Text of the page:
Edition of 20 copies
7.4″x5.7″, 87.2″ fully extended
This work has the appearance of a travel souvenir book, but it functions as a vehicle for an urban studies exploration of man-made hills in the city of Bologna. “Artificial” hills are the only hills in the center of Bologna, as the area from there to Venice is largely a flat plain which was once an inland sea. From the perspective of a native of New England, these strange little hills are perplexing, as they are not the result of glacial activity. The hills have been photographed at the end of the 20th century, but the images appear to be much older, to create a feeling reminiscent of 19th century photographs. The chemicals and the printing processes used, requiring two printings and four baths for each of twelve photographs, are historical themselves, as well as being extremely archival. Under each photograph, a text on the left printed in letterpress describes what each hill was and what it has become, while a rhyming poem on the right gives an amusing description of the nature and evolution of these various categories of hills, largely unnoticed by Bologna’s inhabitants.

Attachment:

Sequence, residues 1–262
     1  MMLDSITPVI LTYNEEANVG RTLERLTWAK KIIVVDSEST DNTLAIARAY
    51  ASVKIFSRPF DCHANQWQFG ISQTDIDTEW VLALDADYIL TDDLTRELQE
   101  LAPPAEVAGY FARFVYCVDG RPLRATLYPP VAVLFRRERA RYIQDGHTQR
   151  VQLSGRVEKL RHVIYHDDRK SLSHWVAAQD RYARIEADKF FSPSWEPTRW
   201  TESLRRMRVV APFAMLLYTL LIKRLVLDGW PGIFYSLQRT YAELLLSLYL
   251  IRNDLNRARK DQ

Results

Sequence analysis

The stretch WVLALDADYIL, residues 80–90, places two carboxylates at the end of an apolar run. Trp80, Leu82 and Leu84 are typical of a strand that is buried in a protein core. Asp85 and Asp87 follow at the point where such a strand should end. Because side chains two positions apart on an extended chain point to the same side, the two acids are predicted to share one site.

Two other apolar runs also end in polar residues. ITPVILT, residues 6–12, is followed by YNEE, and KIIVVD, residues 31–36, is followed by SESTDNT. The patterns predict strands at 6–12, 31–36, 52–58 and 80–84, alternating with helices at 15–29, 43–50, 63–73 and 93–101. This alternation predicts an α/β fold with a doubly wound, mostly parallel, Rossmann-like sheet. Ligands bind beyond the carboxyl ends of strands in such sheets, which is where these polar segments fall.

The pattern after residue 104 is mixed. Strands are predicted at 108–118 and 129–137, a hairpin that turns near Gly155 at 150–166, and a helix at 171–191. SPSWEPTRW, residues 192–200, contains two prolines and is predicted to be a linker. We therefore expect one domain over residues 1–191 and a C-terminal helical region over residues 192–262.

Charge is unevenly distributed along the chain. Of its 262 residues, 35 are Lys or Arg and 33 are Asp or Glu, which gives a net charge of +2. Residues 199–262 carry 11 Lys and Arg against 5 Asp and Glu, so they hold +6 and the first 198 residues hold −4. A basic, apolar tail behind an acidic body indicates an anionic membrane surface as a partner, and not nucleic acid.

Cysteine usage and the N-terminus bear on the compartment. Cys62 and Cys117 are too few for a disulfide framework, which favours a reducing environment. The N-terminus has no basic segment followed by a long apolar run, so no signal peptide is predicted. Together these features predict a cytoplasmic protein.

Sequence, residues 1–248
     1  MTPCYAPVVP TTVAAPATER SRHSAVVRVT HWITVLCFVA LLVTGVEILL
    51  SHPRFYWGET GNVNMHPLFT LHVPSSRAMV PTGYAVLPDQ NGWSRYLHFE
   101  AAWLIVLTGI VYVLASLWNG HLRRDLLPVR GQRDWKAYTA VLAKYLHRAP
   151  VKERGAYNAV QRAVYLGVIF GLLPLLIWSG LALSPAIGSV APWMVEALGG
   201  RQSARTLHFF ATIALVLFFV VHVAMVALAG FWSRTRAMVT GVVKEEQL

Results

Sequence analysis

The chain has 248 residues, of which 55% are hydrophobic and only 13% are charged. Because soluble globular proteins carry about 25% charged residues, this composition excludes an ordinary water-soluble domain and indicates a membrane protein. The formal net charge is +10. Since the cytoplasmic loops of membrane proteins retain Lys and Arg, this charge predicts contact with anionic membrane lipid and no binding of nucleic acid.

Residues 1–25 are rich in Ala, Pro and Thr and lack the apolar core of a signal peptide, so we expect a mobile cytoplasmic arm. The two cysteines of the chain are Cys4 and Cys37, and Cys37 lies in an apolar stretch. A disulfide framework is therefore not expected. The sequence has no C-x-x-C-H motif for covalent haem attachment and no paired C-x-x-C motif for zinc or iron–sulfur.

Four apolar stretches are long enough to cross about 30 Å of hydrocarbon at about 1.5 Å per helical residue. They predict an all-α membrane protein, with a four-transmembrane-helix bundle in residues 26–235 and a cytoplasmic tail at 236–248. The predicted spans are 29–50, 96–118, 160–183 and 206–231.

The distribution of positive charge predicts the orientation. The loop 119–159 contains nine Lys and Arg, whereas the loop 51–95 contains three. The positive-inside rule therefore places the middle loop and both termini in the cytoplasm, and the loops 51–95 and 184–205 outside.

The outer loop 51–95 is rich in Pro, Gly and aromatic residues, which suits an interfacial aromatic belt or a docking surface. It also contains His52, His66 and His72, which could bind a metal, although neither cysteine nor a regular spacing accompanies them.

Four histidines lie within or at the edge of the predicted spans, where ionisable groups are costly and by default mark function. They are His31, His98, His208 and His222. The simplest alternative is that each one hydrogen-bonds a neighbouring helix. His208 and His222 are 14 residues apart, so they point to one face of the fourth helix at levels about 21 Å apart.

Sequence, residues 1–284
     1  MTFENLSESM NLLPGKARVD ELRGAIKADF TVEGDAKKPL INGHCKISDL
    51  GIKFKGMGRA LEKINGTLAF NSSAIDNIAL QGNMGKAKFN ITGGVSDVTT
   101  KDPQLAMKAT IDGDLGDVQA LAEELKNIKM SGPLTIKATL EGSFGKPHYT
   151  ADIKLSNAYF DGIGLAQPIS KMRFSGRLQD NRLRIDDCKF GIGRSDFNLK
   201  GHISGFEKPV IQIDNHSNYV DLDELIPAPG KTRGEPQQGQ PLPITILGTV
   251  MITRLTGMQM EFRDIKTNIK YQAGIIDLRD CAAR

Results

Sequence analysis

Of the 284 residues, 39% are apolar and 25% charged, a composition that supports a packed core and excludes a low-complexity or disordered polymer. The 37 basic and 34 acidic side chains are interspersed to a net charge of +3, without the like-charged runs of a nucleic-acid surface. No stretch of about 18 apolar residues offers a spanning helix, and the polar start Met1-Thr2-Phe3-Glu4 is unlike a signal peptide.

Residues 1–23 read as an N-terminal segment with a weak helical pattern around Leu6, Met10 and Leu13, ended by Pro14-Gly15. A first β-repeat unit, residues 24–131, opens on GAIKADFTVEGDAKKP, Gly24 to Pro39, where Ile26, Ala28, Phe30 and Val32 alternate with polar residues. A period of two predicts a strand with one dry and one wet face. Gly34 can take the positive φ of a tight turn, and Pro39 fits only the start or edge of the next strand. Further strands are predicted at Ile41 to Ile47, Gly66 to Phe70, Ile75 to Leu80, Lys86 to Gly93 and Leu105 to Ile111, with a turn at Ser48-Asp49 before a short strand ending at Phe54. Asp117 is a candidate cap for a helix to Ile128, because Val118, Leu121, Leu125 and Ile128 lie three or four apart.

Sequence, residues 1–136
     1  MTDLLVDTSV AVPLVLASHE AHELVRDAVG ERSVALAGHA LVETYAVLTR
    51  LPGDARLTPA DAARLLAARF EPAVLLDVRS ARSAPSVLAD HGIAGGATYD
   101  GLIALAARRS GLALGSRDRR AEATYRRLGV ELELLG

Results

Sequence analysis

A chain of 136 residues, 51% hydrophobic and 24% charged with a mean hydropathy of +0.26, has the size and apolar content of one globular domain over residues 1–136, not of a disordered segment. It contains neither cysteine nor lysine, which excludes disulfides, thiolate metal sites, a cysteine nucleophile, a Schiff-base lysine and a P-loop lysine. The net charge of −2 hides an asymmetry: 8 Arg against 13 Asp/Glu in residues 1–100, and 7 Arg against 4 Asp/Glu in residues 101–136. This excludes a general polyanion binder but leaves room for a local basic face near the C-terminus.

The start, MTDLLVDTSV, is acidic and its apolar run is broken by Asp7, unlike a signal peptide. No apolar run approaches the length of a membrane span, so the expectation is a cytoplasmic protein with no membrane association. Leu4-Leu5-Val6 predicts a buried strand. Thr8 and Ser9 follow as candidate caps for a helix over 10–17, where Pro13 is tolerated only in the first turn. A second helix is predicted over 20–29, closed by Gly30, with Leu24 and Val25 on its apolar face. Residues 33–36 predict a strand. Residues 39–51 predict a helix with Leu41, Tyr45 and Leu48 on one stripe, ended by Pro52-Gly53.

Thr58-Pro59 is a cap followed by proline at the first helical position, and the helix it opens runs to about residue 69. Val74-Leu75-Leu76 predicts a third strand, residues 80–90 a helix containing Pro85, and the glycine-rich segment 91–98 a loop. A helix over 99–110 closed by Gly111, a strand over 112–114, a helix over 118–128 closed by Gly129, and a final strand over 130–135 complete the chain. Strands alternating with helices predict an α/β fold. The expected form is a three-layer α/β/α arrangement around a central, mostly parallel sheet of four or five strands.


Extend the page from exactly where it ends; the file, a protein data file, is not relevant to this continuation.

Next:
Francesco of Bologna, more commonly known as Francesco Griffo, was the man responsible for cutting the first italic or sloped text in 1501. Inclined texts became known as Italics for he created it in Italy while working for Aldus Manutius in Venice, who sought an economical and legible way to manipulate space in the printing of book texts. Artificial Hills represents the manipulation of space in urban contexts, specifically Bologna. Just as cultures have incorporated and recycled the architecture of previous inhabitants, giving birth to one category of artificial hills, printers and type designers have always built on the work of others. This book was printed in Garamond, sometimes recorded as Garamont (mountain) which derives from and is built upon the “De Aetna” type, cut for Manutius by Griffo. Similar types were produced at the same time by Simon De Colines (Simon of the Hills) in Paris around 1525, also later taken up and built upon by others.